“Reality is so complex, we must move away from dogma, whether it’s conspiracy theories or free-market,” says James Glattfelder. “Our analysis is reality-based.”

Previous studies have found that a few TNCs own large chunks of the world’s economy, but they included only a limited number of companies and omitted indirect ownerships, so could not say how this affected the global economy – whether it made it more or less stable, for instance.

The Zurich team can. From Orbis 2007, a database listing 37 million companies and investors worldwide, they pulled out all 43,060 TNCs and the share ownerships linking them. Then they constructed a model of which companies controlled others through shareholding networks, coupled with each company’s operating revenues, to map the structure of economic power.

The work, to be published in PloS One, revealed a core of 1318 companies with interlocking ownerships (see image). Each of the 1318 had ties to two or more other companies, and on average they were connected to 20. What’s more, although they represented 20 per cent of global operating revenues, the 1318 appeared to collectively own through their shares the majority of the world’s large blue chip and manufacturing firms – the “real” economy – representing a further 60 per cent of global revenues.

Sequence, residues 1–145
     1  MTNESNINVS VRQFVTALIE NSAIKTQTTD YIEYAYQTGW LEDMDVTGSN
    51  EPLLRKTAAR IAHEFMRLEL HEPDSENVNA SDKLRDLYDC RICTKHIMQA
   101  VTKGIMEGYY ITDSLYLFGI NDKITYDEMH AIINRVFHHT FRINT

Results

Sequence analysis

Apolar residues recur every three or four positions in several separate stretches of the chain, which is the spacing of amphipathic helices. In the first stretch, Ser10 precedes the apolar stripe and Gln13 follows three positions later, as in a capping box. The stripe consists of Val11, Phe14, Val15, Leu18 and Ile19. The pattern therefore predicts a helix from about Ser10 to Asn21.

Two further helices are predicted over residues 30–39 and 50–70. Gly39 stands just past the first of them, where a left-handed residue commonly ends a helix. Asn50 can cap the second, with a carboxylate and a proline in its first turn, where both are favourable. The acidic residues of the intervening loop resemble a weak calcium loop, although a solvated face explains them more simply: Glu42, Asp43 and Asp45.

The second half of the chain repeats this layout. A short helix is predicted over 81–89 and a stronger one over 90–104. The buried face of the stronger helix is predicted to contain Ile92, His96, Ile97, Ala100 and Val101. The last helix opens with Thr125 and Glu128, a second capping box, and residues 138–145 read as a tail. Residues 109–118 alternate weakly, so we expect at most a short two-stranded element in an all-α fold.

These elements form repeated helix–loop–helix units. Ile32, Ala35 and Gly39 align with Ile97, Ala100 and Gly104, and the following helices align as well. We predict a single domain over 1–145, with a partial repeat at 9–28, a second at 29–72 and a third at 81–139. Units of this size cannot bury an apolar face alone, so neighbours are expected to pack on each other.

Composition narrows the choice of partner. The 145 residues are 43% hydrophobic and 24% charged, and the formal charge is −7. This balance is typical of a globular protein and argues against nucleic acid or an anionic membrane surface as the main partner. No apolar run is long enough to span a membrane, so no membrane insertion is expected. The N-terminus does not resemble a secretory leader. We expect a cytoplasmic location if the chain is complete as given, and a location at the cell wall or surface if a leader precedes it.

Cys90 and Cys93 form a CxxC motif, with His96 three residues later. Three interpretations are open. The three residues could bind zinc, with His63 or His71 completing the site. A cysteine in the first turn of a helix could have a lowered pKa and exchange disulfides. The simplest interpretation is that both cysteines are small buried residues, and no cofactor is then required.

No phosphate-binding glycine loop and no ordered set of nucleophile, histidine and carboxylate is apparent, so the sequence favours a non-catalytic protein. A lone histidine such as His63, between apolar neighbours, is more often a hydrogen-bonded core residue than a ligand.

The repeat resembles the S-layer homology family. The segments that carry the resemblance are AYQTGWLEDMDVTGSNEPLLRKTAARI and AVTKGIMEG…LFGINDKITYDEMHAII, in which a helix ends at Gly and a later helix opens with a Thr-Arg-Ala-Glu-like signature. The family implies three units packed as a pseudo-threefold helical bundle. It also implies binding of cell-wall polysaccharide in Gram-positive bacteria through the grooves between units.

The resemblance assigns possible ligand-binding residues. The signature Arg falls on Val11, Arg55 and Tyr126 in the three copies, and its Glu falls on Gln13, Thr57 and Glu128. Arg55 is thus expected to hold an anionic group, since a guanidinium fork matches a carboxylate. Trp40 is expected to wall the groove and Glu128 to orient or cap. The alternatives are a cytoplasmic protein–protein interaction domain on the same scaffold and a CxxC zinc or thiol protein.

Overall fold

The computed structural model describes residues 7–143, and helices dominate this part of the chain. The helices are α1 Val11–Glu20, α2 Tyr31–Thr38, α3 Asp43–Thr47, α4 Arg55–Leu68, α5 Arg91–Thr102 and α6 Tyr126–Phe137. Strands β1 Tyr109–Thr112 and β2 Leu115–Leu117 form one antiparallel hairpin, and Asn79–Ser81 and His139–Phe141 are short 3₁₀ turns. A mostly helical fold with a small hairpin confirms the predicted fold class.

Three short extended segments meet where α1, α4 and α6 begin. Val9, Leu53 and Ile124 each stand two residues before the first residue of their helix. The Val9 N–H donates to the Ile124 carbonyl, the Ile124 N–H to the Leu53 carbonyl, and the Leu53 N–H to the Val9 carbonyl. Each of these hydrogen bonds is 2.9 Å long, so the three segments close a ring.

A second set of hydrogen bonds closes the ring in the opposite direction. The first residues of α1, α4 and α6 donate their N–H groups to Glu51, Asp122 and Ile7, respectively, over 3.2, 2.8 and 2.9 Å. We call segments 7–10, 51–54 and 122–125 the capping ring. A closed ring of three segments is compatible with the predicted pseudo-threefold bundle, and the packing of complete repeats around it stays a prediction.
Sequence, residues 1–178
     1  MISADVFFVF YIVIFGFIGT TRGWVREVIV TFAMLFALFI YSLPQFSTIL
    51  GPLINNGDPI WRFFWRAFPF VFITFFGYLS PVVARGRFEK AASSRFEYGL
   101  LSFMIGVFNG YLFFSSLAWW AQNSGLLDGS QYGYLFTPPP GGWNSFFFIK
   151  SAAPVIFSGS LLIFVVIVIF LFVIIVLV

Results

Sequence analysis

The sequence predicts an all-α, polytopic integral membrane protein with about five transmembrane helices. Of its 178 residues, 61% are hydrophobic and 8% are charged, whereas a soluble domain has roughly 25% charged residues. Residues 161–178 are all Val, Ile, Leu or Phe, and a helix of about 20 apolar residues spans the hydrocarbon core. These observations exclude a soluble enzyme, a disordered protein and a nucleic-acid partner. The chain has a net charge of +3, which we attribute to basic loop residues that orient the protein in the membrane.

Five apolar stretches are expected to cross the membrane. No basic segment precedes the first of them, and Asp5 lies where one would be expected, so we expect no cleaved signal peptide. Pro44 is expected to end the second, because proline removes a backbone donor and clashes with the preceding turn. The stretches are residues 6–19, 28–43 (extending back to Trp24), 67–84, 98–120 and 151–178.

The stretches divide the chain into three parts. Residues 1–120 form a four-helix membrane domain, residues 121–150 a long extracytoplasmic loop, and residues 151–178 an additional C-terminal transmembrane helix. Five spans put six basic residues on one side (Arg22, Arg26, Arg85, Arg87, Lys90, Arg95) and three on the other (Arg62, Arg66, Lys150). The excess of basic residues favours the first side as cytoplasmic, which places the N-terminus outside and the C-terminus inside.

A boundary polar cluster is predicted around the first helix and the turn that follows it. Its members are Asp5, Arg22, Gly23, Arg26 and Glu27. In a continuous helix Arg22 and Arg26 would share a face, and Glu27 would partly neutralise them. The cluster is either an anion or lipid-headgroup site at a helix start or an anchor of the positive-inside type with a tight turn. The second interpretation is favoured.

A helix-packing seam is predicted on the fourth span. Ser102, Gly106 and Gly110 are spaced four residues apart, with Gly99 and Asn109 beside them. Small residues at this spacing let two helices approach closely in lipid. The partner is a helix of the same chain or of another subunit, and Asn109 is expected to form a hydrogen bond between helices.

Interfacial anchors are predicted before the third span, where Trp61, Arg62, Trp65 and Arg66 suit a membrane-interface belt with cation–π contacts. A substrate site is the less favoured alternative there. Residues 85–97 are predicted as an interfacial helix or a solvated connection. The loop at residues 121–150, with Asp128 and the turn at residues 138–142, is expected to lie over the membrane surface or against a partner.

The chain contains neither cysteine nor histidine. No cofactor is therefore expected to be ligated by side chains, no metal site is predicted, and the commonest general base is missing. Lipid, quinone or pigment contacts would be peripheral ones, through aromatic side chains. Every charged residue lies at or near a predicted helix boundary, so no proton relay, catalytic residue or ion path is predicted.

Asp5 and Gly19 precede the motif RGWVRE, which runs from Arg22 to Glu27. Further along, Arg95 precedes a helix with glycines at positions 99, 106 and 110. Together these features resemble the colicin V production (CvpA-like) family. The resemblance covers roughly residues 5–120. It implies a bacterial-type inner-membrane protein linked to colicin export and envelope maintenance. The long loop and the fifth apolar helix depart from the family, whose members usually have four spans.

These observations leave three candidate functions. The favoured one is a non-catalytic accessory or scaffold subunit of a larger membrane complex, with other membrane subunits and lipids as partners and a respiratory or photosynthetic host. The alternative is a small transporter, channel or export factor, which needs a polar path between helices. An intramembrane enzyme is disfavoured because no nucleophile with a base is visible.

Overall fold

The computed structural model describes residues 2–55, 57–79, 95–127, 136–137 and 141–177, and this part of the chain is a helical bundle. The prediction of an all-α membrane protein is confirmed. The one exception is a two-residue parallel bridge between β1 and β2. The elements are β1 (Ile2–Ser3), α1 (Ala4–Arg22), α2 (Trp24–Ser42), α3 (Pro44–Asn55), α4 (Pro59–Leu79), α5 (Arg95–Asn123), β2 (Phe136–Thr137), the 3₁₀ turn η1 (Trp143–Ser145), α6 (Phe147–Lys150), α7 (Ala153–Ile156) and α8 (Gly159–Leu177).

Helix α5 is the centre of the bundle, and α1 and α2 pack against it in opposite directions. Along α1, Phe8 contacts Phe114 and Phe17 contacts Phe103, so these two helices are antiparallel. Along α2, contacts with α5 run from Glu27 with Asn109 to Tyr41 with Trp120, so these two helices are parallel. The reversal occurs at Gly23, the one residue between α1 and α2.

When the team further untangled the web of ownership, it found much of it tracked back to a “super-entity” of 147 even more tightly knit companies – all of their ownership was held by other members of the super-entity – that controlled 40 per cent of the total wealth in the network. “In effect, less than 1 per cent of the companies were able to control 40 per cent of the entire network,” says Glattfelder. Most were financial institutions. The top 20 included Barclays Bank, JPMorgan Chase & Co, and The Goldman Sachs Group.

John Driffill of the University of London, a macroeconomics expert, says the value of the analysis is not just to see if a small number of people controls the global economy, but rather its insights into economic stability.

Concentration of power is not good or bad in itself, says the Zurich team, but the core’s tight interconnections could be. As the world learned in 2008, such networks are unstable. “If one [company] suffers distress,” says Glattfelder, “this propagates.”